I “tested” mental mediumship, received what appeared to be after-death communications from my brother, saw an apparition, and experienced genuine physical mediumship. I thought about whether to make myself vulnerable by including these things. But I think my narrative would have remained one-dimensional and abstract without this personal element. So, I stepped inside this investigation through first-hand examination, and not just from the perspective of a detached observer who studies data and peers into a strange world from the outside. Yes, it could be professionally risky to expose these very personal events, but I felt it was my obligation to do so. It would have been dishonest to omit them, because they impacted my thinking and my effort to come to terms with many remarkable phenomena. However, I was also careful to step back from them, remaining as analytical and discriminating as I was with everything else. The tricky aspect lies in the interpretation of the extraordinary events, not in their reporting.

So far, I have not felt that my work on UFOs has been discredited by my more recent endeavors. I approached  Surviving Death  with journalistic rigor, and this is its strength. 

Horgan:  When we discussed ghosts and other supernatural phenomena at Esalen, you seemed to be a believer, not an agnostic. Can you clarify your position?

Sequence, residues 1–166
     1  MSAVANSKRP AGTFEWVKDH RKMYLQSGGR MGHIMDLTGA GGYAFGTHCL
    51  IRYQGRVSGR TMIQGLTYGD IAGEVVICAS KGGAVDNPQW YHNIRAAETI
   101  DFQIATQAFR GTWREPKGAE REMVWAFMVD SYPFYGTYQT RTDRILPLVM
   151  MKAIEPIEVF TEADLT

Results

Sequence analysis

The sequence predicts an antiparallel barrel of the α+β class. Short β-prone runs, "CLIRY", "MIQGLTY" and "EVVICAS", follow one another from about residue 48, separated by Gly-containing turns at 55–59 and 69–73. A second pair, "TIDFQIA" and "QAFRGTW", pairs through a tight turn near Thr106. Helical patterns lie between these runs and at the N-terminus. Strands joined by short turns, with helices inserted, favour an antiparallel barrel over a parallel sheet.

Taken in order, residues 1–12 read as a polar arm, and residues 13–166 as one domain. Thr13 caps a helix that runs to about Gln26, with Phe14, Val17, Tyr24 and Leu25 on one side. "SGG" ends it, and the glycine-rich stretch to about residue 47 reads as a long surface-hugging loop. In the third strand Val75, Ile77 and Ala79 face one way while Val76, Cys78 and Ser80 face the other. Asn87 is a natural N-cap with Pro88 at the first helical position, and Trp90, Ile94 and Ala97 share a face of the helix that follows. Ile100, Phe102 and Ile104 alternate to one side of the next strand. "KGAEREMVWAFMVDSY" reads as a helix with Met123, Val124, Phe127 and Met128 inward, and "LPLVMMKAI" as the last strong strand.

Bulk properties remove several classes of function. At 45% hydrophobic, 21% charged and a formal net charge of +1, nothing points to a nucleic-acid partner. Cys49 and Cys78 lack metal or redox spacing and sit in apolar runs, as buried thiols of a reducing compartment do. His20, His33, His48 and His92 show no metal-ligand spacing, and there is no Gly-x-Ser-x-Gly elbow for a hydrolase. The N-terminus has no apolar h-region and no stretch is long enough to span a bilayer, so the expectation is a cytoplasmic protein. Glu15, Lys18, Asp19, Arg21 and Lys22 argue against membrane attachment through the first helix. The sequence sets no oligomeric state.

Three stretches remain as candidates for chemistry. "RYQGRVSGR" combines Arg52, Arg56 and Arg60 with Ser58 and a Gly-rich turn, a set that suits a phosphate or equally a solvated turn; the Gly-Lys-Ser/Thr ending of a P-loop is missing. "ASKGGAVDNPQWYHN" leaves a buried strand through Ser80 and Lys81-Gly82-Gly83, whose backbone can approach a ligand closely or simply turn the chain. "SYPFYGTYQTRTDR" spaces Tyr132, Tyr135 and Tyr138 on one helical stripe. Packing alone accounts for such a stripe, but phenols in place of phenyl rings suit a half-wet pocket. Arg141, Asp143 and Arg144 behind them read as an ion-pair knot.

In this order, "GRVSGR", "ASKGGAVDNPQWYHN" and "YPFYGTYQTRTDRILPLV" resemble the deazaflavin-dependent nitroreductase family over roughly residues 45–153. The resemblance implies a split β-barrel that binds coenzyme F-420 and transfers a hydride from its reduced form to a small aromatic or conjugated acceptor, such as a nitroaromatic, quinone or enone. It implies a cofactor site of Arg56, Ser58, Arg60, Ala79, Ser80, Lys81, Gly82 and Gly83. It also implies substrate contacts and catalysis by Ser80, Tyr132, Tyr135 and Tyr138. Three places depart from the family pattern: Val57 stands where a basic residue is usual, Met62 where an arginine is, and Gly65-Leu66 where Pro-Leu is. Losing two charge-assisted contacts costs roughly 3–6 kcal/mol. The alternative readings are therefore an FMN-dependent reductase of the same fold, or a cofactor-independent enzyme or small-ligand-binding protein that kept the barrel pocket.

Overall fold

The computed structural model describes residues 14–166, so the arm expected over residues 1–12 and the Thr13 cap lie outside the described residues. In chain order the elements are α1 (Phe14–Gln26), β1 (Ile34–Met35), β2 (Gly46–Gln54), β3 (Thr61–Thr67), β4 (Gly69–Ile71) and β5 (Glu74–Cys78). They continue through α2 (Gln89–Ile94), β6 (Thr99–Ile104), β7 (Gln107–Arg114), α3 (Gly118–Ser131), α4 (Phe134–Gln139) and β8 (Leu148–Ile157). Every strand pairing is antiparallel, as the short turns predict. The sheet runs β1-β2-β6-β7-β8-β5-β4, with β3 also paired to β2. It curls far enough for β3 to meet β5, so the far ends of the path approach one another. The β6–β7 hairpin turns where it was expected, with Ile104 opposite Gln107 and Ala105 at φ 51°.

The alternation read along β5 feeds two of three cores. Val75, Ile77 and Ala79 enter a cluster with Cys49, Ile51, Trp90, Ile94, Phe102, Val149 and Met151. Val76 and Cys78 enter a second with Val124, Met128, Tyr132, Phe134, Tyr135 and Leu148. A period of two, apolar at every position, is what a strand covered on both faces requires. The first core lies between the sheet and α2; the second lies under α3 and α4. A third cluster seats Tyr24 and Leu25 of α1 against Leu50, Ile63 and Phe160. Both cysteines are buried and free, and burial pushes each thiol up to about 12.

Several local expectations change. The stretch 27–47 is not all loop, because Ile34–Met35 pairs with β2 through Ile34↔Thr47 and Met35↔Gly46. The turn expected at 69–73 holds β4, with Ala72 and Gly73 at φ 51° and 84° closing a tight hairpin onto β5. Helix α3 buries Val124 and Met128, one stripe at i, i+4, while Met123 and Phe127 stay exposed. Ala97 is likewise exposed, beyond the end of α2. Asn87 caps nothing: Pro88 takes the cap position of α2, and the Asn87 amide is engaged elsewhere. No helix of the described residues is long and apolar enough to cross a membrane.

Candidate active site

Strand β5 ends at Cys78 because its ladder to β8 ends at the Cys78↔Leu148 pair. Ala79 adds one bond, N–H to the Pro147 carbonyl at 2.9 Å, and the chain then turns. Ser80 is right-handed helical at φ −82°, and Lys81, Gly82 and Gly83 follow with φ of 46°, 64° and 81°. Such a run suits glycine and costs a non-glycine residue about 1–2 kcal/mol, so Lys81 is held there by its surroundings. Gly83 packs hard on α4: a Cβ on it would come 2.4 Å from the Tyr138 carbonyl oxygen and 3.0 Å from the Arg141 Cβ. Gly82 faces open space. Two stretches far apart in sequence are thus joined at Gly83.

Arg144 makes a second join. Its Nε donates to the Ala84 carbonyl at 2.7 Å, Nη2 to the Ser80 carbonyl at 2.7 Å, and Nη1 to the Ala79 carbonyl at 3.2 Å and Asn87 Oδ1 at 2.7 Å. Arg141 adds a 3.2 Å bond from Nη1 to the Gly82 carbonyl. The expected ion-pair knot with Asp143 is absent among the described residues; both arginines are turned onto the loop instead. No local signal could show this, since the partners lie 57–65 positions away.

Kean:  It depends what you mean by a believer. Paranormal phenomena exist. People have capabilities and experiences that have been labeled “paranormal“. They seem to operate outside the limits of the current materialistic framework adapted by most scientists, while at the same time, nobody can explain what consciousness actually is. So the existence of “paranormal phenomena” is not a matter of belief. I find it astonishing that there are still some scientists who adapt the position that it can’t be, therefore it isn’t. I don’t have that choice, because I have witnessed many paranormal phenomena myself, and I know they exist. Those who don’t want to believe these things will dismiss them no matter what they read, and they are unlikely to open themselves up to their own encounters with these phenomena.

I think believing comes into play when one tries to establish what the phenomena are, how they work, where they are generated from, why they occur - when addressing the bigger question of what they mean. Beliefs can operate on both sides of the spectrum, from extreme, black and white denial, as we see in so many skeptics, to extreme belief in an afterlife involving claimed “direct knowledge”. In fact, none of us knows very much about these big mysteries.

Horgan:  What is the best evidence you’ve seen for life after death?